I am a self taught photographer and digital artist, working in the abstract space. My recent exhibitions on Cape Ann include:
“A Fine Line”, juried by Al Miner, presented at the Cultural Ceneter at Rocky Neck
“Serendipity”, a juried exhibition presented at the Rocky Neck Gallery
“Pixel Revolution”, an invitational exhibition presented by the Rocky Neck Art Colony at the Cultural Center
“Here and Now”, a juried eRocky Neck Art Colony show
“Art in the Barn”, a juried annual art sale event for the benefit of Essex County Greenbelt
Jung’s work often represents his considerable interest in architecture. Ever since studying it briefly in college, he has looked at architecture in detail and incorporated it into his artwork. His observations have allowed him to capture light and space and dimension in his paintings and drawings. It was at the age of nine that he truly understood the power of great architecture as he and his family stood before the demolition of the old, but grand Pennsylvania Station in New York City. He was taken with the detailing of this impressive masterpiece by McKim, Mead and White. and saddened by its demolition.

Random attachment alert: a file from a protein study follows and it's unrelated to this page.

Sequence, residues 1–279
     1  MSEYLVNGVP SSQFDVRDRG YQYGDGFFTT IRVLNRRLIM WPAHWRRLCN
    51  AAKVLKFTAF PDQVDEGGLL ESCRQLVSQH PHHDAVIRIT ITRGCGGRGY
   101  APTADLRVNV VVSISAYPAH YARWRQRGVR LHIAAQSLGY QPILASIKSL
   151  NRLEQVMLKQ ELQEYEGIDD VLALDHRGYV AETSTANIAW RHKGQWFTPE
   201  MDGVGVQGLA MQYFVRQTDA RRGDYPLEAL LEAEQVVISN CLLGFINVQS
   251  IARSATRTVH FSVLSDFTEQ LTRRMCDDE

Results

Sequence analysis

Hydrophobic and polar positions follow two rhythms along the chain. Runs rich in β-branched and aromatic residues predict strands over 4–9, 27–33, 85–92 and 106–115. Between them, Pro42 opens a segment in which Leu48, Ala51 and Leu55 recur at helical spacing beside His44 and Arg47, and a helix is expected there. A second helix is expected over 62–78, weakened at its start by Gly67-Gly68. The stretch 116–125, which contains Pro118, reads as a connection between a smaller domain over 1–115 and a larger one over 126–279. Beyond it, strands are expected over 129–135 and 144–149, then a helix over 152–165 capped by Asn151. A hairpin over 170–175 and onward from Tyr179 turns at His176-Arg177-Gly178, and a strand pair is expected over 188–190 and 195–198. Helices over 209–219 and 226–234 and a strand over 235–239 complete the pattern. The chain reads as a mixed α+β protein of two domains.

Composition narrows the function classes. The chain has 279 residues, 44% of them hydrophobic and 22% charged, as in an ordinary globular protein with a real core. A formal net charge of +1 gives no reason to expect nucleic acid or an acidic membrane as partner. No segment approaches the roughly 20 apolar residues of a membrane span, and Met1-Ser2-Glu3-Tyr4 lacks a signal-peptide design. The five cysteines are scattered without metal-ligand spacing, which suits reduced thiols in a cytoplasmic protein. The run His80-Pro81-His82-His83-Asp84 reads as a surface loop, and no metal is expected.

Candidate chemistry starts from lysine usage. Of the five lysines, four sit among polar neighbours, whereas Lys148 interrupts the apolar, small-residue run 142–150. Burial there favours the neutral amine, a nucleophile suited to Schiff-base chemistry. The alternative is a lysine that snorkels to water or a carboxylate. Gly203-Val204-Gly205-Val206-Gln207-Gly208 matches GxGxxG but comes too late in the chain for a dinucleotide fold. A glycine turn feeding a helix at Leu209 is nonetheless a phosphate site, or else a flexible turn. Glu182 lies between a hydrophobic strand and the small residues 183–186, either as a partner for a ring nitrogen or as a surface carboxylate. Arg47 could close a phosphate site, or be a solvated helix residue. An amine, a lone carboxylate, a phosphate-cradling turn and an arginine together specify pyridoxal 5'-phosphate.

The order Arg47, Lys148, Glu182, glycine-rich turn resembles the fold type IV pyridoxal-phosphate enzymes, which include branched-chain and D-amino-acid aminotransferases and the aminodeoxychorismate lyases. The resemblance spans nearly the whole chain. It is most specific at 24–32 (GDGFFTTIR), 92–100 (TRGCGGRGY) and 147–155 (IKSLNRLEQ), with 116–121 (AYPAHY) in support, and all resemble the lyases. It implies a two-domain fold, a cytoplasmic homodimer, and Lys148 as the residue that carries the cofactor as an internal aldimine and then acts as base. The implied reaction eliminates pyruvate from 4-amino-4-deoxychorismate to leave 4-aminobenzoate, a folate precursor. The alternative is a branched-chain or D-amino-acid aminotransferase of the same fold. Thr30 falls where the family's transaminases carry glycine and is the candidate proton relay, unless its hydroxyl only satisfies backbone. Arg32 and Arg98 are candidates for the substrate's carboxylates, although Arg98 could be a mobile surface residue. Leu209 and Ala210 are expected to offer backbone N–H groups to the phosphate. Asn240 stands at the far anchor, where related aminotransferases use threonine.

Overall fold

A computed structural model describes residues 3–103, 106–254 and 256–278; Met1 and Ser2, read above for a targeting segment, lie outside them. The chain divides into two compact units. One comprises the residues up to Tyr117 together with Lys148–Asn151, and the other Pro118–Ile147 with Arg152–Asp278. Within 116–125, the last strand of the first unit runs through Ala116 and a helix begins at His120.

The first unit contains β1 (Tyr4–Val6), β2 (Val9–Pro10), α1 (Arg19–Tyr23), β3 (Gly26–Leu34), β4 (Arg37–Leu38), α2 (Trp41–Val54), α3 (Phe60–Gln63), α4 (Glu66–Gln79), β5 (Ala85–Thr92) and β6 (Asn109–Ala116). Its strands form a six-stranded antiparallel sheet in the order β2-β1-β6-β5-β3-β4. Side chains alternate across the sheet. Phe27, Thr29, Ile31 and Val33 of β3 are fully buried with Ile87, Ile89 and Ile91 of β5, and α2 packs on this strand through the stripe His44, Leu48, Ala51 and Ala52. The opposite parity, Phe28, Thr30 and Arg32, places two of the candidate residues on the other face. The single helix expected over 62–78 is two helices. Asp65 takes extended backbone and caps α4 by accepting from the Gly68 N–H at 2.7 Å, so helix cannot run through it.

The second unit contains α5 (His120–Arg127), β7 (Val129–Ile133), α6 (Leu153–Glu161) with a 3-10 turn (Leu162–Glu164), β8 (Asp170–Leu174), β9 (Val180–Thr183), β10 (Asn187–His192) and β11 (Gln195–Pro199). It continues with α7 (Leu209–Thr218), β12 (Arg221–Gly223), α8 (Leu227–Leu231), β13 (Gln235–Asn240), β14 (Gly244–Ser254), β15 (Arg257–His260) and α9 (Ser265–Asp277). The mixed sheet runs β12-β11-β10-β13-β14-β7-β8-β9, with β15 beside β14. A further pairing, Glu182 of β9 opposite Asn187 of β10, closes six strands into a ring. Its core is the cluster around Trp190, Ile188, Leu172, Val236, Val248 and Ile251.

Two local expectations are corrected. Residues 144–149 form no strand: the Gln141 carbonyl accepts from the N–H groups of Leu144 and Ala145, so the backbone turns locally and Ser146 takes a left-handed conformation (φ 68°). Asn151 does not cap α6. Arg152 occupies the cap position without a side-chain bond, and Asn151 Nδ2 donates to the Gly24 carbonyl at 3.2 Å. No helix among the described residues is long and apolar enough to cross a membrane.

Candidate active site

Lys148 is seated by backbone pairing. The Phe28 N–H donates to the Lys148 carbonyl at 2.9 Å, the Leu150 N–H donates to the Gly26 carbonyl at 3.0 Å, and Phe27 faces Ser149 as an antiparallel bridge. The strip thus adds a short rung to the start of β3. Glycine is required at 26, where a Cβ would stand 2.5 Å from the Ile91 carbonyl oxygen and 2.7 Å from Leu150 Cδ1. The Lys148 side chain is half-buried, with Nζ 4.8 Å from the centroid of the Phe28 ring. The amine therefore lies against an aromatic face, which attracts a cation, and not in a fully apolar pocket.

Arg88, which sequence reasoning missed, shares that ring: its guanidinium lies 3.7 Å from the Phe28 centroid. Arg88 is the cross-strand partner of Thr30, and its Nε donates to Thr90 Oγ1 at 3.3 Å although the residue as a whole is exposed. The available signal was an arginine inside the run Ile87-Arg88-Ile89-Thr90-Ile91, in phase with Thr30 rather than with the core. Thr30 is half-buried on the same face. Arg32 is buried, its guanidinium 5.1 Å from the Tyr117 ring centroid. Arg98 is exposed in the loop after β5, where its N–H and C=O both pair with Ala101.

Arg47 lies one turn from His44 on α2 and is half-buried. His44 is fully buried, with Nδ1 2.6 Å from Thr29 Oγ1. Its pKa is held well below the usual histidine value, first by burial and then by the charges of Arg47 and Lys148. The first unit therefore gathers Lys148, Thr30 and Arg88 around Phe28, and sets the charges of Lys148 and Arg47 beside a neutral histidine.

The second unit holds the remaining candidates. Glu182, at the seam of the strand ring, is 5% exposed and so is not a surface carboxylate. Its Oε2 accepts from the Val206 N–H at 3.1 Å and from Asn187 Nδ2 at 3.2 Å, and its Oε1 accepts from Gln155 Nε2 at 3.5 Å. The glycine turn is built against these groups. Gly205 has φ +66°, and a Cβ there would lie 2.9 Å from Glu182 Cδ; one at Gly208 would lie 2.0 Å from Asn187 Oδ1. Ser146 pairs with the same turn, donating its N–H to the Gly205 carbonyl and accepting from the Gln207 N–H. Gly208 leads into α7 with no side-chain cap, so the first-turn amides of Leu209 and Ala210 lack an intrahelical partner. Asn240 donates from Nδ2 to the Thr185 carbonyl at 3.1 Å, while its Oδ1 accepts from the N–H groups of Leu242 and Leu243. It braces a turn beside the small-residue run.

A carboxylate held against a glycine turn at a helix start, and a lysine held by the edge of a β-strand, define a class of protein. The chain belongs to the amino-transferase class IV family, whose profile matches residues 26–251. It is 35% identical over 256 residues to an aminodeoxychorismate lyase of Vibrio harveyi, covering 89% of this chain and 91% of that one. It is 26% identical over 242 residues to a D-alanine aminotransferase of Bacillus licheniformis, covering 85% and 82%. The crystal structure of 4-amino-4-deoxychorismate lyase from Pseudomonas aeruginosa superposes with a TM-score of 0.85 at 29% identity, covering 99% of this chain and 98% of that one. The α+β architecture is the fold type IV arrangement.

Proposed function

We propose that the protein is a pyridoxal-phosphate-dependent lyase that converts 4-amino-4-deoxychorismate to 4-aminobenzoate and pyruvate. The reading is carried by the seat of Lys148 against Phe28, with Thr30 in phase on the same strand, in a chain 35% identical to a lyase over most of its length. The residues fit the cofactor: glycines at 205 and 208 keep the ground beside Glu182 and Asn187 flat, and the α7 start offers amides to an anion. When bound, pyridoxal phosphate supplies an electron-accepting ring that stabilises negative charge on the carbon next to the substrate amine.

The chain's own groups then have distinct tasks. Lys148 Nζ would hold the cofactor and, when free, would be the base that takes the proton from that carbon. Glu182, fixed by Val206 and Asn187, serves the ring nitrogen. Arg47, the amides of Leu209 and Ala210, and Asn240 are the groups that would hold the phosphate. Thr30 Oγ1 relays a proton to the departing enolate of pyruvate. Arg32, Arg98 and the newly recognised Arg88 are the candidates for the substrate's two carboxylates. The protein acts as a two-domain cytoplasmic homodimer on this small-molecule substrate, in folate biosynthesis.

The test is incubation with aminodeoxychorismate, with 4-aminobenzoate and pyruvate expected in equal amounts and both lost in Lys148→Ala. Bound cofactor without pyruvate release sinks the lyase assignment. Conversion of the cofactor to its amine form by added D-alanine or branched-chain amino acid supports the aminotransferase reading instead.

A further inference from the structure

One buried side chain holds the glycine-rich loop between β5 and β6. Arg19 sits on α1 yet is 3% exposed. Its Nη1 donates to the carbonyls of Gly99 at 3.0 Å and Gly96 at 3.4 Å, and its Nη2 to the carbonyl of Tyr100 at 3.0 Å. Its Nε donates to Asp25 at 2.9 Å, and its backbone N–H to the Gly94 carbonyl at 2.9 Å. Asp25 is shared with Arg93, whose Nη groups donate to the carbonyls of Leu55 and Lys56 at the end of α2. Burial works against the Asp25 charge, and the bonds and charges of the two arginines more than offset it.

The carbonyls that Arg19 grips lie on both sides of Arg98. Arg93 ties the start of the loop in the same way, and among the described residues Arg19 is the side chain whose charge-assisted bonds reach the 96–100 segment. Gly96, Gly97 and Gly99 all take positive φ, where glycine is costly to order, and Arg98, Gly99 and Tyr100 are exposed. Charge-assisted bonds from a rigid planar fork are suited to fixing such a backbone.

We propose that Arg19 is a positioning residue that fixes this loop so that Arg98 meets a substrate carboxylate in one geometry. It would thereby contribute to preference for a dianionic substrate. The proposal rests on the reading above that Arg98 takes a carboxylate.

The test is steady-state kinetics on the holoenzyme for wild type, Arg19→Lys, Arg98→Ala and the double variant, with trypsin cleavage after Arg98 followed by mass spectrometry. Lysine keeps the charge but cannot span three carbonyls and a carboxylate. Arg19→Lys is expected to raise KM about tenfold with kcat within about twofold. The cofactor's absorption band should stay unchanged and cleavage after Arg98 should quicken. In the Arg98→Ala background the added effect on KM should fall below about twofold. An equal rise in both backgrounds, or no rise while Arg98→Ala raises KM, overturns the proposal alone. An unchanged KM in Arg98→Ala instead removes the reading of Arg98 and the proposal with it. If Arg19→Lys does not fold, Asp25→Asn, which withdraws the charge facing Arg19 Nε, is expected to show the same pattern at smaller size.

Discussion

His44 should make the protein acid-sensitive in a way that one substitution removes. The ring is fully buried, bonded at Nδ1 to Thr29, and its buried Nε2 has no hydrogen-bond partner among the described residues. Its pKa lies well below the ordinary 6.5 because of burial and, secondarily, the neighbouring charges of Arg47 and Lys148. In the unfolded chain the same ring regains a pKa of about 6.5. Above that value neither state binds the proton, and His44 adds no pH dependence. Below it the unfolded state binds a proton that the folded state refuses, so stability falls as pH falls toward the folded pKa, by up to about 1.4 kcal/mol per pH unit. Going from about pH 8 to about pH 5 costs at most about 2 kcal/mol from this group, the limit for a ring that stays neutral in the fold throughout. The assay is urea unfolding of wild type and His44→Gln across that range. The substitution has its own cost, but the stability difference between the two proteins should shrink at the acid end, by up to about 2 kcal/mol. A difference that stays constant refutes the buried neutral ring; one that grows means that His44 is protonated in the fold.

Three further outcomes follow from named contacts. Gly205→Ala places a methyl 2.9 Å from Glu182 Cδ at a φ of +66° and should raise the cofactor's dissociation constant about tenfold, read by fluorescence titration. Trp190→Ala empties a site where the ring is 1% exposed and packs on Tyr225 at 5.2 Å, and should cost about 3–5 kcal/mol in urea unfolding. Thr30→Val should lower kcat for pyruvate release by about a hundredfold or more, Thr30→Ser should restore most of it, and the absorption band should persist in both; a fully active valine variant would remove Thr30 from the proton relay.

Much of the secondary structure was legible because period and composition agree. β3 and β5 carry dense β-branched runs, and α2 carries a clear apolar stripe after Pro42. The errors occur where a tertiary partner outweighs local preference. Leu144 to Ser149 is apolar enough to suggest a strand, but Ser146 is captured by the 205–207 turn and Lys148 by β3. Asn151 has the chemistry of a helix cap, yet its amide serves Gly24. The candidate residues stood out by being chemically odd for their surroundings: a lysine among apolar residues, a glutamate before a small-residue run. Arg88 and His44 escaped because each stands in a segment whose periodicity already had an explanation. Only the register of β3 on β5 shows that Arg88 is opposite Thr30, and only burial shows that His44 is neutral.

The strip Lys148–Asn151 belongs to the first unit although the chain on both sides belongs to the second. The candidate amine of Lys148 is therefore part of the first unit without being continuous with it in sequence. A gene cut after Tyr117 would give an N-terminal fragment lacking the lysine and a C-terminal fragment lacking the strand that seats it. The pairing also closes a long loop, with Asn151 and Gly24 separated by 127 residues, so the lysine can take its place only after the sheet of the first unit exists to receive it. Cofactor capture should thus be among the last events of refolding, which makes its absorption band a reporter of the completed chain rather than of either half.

Paul’s current interest is in the Pop Art Movement of the 1960’s .His current works are influenced by Roy Lichenstein’s, graphic comic book style to the fragmented pop imagery of artists such as Andy Warhol, Jasper Johns, and Robert Indiana.
The bold and striking images which came from the Pop Art Movement are one’s that he hopes his works will find resonance with viewers today.
Paul Jung was born in Newark, New Jersey, raised in both New Jersey and in New York City and graduated from Salem State University in 2004. After living and working in Boston for many years, he moved to Gloucester, Massachusetts in the mid-1980’s where he currently resides and maintains a studio, the Paul Jung Design Group. For the past 27 years, he has been employed by the Gorton’s Corporation as a Graphic Artist.